When Tom and Lynda married in late 1971, she resigned her position because, at that time, married couples could not work in the same department.  Tom worked for A&M until joining the editorial staff of Progressive Farmer magazine in 1972. Over the next 22 years, he moved back and forth between Progressive Farmer and Southern Living—eventually becoming Editor-in-Chief of the company’s magazine division.

Lynda taught high school for a time until their son was born.  She then left the workforce and became a community volunteer.

photo of curl family at ChristmasIn 1994, the family of three moved to Wisconsin for Tom to join Reiman Publications and edit Country and Birds & Blooms magazines.  In 1995, he became President of the company and, in 1998, was named CEO.  He left the company in 2003 after its sale to Readers Digest. Since then, he has done consulting work, served on company boards of directors and done volunteer work.

In 2004, Tom was inducted into the Texas A&M Former Journalism Students Association Hall of Honor.

Recently, Tom and Lynda used a qualified charitable distribution from an IRA to establish the Curl-Bowers Endowed Scholarship in the Department of Teaching, Learning and Culture in the College of Education and Human Development at Texas A&M University. The funds are designated to assist one or more students seeking to become teachers like the Curls’ mothers.  They believe this gift will act like a “rock dropped into water—the ripples will extend far into the future.”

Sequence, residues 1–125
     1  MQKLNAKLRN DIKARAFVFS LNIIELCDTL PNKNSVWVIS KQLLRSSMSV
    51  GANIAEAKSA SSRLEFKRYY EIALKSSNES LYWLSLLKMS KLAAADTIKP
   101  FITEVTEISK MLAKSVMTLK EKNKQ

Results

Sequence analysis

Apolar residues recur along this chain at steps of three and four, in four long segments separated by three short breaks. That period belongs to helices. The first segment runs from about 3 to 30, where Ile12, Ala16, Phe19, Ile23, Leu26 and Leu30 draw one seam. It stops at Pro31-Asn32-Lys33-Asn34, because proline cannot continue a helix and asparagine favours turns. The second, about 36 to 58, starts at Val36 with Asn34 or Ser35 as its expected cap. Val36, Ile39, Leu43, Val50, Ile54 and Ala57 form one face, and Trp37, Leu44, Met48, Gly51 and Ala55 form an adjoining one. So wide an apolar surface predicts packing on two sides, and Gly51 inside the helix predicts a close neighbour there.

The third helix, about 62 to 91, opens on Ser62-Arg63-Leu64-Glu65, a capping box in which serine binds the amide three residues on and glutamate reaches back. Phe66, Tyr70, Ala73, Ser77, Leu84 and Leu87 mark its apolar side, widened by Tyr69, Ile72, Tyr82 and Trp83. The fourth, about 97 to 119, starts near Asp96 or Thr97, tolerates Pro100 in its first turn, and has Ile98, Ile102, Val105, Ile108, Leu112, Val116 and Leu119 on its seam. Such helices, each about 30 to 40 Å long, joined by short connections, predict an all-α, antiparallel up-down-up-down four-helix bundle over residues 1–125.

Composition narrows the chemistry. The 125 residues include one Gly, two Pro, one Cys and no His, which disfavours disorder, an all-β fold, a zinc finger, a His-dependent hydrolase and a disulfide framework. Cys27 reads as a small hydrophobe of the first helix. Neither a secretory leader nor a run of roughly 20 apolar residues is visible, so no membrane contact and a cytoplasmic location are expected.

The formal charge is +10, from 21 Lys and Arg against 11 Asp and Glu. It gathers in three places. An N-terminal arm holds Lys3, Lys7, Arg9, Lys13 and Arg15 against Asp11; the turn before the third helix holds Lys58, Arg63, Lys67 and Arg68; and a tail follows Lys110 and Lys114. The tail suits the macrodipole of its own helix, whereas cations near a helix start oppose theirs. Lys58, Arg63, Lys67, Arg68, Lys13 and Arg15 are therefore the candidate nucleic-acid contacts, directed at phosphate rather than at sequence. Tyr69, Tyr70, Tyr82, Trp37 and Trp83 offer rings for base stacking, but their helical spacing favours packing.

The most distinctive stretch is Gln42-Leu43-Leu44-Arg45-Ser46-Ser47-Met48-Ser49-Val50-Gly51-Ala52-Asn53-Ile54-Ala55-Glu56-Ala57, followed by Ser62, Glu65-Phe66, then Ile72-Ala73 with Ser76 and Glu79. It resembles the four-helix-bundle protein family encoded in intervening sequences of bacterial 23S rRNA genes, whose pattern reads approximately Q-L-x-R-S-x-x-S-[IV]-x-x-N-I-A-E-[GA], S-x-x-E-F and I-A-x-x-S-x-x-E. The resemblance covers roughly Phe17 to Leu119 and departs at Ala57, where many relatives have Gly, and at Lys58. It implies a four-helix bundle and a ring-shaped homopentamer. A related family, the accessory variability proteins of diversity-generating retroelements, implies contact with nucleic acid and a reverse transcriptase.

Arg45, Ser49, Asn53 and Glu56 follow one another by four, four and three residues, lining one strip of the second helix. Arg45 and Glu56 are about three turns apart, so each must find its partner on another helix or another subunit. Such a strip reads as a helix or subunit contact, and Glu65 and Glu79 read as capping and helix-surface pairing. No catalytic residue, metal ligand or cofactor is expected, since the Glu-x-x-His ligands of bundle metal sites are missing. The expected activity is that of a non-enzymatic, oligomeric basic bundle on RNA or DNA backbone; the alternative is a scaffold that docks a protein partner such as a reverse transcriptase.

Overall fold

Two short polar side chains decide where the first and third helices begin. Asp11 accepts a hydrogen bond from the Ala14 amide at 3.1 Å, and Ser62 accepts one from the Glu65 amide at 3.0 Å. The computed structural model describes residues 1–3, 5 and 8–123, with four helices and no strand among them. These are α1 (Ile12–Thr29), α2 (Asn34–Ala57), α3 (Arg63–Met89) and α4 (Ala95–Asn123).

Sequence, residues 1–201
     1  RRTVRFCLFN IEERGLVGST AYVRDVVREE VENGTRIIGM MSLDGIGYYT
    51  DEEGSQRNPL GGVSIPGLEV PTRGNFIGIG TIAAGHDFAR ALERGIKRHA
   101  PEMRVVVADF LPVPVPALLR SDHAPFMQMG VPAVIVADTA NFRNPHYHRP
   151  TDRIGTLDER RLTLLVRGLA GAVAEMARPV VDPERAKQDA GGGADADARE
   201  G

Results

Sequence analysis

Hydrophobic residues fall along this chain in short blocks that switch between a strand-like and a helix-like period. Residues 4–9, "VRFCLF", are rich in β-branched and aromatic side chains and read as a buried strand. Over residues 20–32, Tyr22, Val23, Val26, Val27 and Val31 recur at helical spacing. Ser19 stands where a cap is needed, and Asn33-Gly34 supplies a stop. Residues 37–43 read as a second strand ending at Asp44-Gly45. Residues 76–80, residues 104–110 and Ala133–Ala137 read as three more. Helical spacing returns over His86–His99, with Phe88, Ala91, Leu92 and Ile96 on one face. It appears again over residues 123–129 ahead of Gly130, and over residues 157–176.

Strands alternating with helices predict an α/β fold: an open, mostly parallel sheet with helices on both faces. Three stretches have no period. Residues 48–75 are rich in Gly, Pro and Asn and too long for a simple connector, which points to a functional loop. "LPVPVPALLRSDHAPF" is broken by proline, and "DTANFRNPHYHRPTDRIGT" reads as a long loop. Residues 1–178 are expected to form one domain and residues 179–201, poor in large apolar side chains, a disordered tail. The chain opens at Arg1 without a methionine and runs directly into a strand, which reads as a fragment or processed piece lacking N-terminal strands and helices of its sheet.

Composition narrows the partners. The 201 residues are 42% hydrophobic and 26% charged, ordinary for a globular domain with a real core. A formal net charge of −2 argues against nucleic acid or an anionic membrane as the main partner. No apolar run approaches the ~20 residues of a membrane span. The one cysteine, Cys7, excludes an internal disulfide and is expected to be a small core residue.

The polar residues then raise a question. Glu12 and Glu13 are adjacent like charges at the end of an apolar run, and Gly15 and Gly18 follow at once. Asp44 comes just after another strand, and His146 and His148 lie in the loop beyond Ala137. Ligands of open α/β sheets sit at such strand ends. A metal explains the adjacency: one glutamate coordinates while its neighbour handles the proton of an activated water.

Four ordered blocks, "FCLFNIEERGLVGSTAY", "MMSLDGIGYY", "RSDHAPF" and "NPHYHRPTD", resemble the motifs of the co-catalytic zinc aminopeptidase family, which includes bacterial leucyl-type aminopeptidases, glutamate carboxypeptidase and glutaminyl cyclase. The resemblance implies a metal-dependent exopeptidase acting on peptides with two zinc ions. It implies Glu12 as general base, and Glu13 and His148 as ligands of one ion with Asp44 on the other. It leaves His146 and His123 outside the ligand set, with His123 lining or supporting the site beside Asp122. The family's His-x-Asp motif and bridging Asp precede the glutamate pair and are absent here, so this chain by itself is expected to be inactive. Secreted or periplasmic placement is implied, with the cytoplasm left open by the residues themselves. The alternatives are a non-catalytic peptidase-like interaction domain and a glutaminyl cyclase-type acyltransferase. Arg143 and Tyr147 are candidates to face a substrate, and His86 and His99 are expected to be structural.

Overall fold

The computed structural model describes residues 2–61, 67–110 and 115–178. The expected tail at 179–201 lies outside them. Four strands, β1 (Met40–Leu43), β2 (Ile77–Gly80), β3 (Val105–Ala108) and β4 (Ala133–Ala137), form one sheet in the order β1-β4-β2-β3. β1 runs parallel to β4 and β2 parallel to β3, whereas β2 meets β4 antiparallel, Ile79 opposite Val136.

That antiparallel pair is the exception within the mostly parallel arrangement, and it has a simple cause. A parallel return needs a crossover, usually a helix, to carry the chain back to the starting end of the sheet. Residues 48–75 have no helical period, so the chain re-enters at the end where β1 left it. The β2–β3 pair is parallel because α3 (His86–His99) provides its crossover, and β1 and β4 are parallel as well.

“We wanted to honor our mothers who put their career plans on hold to raise families and become community volunteers,” stated Tom.

Both women received their degrees from Pan American College in Edinburg (now a campus of University of Texas Rio Grande Valley).  Kathleen had a 30-year career teaching primarily in elementary school in the small Edcouch-Elsa School District in Hidalgo County located in the Rio Grande Valley of Texas.  Mary Alice taught mainly second and fifth grades in the even smaller school district in Miami, the only town in Roberts County in the Texas panhandle for 23 years.

“They both loved teaching and had a lasting impact on many children during particularly impressionable years,” explained Lynda. “The fact that some of their former students came to their funerals is a testament to their legacy.”

“Our hope is that this scholarship will help prospective teachers reach their goal of impacting young lives,” stated Tom.


Donate for a Tax Break

By using a qualified charitable distribution (QCD) to honor their mothers and support the College of Education and Human Development, Tom and Lynda were also able to decrease their taxes.

Since turning 70 ½, the minimum age required to make a QCD, the couple has made annual charitable investments from their IRA. Their QCDs have allowed them to support causes they are passionate about while also satisfying their yearly required minimum distributions and lowering their taxable income.

To learn more about how you can take advantage of a QCD for greater tax deductions, click here.


To learn more about how you can assist students in reaching their goals, contact Jody Ford ’99, Sr. Director of Development or 979-847-8655